Hispanic full names are different from the American ones even if you see three words: in the US you have the first name – middle name – last name. In Hispanic countries you have a last name that comes from the father’s family name and the mother’s family name. Check out Hispanic authors’ family names: García Márquez, Pérez Reverte, Vargas Llosa, Vázquez Montalbán… When authors have only one last name, it’s because they chose not to have their full name as their pen name (Pablo Neruda, Isabel Allende, Jorge Borges…) but they are officially Isabel Allende Something etc. (Pablo Neruda’s pen name was an alias, his actual name was Neftalí Ricardo Reyes Basoalto).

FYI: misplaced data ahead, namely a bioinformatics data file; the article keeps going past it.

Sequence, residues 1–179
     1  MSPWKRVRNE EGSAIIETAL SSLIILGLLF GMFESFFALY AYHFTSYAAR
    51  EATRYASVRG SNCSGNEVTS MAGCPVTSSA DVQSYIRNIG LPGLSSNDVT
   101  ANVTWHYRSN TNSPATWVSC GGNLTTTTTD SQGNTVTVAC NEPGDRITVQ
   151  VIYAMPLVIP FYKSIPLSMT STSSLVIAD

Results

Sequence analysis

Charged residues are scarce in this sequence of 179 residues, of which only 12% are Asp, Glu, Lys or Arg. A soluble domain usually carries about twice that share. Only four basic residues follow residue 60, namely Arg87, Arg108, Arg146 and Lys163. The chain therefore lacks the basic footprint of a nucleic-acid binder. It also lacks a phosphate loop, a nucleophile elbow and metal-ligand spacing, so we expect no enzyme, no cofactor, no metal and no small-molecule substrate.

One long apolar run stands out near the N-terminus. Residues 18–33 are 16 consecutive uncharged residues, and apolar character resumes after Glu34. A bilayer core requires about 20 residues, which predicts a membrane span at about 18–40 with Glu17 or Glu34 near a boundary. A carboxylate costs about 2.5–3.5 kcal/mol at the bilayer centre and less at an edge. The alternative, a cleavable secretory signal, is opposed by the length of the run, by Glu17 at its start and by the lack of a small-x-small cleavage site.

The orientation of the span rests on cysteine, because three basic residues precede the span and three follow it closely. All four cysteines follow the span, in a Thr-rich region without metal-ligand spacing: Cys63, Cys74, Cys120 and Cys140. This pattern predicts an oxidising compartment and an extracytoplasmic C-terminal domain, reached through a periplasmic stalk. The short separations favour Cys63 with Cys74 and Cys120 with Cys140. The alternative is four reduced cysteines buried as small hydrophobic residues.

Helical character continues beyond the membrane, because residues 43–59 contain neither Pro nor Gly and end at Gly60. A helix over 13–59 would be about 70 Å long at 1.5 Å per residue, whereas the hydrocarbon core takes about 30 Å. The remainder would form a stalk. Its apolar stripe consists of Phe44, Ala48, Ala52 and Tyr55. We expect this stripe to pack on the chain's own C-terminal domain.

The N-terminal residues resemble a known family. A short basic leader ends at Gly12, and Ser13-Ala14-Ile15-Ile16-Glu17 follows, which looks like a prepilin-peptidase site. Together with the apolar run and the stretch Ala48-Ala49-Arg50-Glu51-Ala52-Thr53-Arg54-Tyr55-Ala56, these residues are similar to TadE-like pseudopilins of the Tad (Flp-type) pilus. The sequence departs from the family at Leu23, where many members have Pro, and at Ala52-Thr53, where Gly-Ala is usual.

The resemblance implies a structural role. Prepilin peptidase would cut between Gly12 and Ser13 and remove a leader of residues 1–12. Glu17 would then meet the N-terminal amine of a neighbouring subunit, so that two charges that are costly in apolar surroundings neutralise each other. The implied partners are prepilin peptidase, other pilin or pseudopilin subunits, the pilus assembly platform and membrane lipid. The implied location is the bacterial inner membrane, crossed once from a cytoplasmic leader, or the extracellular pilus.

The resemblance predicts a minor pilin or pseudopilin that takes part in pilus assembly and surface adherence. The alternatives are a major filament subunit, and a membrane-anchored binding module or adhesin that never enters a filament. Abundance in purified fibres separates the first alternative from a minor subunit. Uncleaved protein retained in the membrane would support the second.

When you refer to an Hispanic person by their last name only (i.e. not giving the first name), you use both family names. For example, in the case of the composer Francisco Gabilondo Soler, you would refer to his music as Gabilondo Soler’s music.
When you know an Hispanic person’s name, it’s much easier to track down their genealogy tree since their names always include the mother’s name – even if only the father’s name is transmitted to the children.
Thanks to Monique Palomares from the Spanish version of Mama Lisa’s World for sharing this! Feel free to share your country’s naming traditions in the comments below.
This article was posted on Sunday, May 23rd, 2010 at 9:57 am and is filed under Baby Naming, Customs and Traditions, Hispanic Traditions, Mama Lisa, Naming Customs. You can follow any responses to this entry through the RSS 2.0 feed. You can leave a response, or trackback from your own site.
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